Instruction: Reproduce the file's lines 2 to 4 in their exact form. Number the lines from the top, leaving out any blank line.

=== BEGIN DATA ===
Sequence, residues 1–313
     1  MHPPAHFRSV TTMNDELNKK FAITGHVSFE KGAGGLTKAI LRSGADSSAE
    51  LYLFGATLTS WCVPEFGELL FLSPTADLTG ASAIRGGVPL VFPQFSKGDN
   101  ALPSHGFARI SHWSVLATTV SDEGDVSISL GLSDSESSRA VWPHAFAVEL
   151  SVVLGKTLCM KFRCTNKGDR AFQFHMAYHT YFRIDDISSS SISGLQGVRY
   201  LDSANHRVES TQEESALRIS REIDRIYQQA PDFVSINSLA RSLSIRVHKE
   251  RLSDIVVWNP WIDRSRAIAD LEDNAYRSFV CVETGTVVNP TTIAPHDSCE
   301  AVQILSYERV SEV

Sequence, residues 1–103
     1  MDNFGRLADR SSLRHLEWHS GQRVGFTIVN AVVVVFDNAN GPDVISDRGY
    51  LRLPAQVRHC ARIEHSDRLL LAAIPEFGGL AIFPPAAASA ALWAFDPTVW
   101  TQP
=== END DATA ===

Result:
     1  MHPPAHFRSV TTMNDELNKK FAITGHVSFE KGAGGLTKAI LRSGADSSAE
    51  LYLFGATLTS WCVPEFGELL FLSPTADLTG ASAIRGGVPL VFPQFSKGDN
   101  ALPSHGFARI SHWSVLATTV SDEGDVSISL GLSDSESSRA VWPHAFAVEL